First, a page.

Types of Council Action
Council Bills and Ordinances
A Council Bill is a proposal for the enactment of a new law, amendment or repeal of an existing law, or appropriation of public money. When it is passed by Council, it becomes an Ordinance. The City Charter requires that every legislative act be by ordinance. For detail on this process, see the How a Bill Becomes a Law page. You may also search historical Council Bills and Ordinances or in-process legislation.
The Seattle Municipal Code
Many Ordinances amend the Seattle Municipal Code ("SMC"), which is a compilation of laws of a general and permanent nature. For more information on the SMC, see the SMC Guide. You may browse or search the most current SMC update on the Clerk's Online Information Resources site.
Council Resolutions state policy or give guidance. Resolutions are not binding law. A Resolution may be proposed by the Executive branch or the City Council. A Resolution generally follows the committee process, similar to the Council Bill process. The Mayor may concur on a Resolution; however, lack of concurrence has no legal effect. As with Ordinances, the SMC, and Clerk Files, the Clerk's Office provides a searchable index of Resolutions.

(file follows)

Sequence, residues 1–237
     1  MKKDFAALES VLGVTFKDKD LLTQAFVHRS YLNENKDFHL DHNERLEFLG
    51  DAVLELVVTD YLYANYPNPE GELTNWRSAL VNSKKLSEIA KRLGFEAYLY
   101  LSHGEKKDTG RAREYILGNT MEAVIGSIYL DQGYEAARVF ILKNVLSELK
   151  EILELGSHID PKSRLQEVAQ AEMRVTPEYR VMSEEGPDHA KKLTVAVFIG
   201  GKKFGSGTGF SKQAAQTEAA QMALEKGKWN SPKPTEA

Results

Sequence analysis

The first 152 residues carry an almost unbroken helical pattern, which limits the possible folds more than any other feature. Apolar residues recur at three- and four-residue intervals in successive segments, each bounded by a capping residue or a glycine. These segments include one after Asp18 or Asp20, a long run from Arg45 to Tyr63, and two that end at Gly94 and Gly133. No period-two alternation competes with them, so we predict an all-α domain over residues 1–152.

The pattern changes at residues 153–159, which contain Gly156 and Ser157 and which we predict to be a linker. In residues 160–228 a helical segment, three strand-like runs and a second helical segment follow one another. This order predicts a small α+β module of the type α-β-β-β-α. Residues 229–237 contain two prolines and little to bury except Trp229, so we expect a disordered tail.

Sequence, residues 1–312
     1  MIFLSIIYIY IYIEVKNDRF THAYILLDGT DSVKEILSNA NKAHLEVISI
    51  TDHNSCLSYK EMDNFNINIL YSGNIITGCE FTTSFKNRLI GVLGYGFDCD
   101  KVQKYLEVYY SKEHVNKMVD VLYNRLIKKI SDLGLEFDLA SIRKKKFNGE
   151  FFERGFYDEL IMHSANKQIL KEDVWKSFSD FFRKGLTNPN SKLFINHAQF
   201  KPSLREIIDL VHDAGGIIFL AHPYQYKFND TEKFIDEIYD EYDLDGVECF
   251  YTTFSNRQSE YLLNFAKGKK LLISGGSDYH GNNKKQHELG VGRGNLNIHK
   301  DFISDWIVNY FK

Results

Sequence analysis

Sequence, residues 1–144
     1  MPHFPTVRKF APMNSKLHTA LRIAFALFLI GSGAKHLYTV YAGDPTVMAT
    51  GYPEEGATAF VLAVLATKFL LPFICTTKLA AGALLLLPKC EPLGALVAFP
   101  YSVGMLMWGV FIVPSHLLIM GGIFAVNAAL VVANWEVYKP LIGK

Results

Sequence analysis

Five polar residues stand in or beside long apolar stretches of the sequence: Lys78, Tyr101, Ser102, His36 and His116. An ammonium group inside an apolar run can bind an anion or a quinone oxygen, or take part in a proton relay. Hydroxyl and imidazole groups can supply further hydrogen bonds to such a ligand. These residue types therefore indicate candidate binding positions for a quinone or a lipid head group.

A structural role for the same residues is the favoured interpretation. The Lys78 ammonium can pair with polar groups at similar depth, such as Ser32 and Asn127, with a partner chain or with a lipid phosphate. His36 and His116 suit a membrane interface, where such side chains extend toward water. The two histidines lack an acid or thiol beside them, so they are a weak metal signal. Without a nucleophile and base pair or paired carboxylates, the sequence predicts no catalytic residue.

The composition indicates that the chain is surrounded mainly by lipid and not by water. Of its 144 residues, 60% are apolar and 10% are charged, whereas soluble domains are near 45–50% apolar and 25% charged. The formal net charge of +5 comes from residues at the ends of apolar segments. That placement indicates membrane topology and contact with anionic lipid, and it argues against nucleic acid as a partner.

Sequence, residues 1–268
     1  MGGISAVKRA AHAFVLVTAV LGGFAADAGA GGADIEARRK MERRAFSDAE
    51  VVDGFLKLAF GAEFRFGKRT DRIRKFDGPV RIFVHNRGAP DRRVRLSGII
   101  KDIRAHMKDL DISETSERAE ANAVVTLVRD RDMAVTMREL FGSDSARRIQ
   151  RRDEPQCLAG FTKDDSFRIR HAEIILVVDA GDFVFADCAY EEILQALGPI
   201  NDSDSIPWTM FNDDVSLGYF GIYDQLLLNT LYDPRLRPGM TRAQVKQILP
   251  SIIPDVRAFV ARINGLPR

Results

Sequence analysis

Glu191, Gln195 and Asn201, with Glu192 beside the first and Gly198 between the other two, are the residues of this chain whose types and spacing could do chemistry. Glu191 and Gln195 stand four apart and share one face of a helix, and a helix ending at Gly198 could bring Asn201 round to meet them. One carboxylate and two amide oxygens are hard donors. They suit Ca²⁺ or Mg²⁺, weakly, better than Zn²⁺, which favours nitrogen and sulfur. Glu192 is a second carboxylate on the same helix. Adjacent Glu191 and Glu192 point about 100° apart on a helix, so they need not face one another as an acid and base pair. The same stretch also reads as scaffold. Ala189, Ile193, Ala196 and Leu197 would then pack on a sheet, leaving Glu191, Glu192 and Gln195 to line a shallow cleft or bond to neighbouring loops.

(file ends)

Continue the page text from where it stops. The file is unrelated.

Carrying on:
"Clerk Files" are documents that have been officially filed with the City Clerk by Council, by another City agency, and in certain cases provided for by law, citizens. Examples include official filing of annual department reports; decisions on quasi-judicial land use applications; decisions on street vacation petitions; appointment or confirmation of department heads; and appointment or confirmation of board and commission members. Many administrative Clerk Files are directly filed with the Clerk without going before Council; however, some are referred to Council for review and action. Search Clerk Files.
Quasi-judicial actions are those in which the Council is acting as a panel of judges, rather than a legislative body. Quasi-judicial actions are defined by the state statute on appearance of fairness as “...those actions of the legislative body, planning commission, hearing examiner, zoning adjuster, board of adjustment, or boards which determine the legal rights, duties, or privileges of specific parties in a hearing or other contested case proceeding. Quasi-judicial actions do not include the legislative actions adopting, amending, or revising comprehensive, community, or neighborhood plans or other land use planning documents or the adoption of area-wide zoning ordinances or the adoption of a zoning amendment that is of area-wide significance.” (RCW 42.36.010) The most common quasi-judicial actions that come before the City Council are requests to rezone property and review of major institution master plans.
Citizen Initiatives and Referenda
The City Charter and State law provide for certain types of legislation to be enacted through the Citizen's Initiative process. Laws may also be brought before the voters in a Referendum. In both cases, Council takes specific action as set out in the City Charter, the RCW, and in City procedures. See the City Clerk's Citizen Initiatives and Referenda Guides page and the City Charter Arcticle IV for more information.